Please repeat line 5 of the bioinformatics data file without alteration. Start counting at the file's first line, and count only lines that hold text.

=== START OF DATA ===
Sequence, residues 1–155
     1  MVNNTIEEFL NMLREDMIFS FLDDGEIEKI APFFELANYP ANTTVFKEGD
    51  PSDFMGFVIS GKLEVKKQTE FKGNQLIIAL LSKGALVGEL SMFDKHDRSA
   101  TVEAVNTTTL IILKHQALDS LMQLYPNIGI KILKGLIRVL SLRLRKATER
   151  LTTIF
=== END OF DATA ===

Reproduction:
   151  LTTIF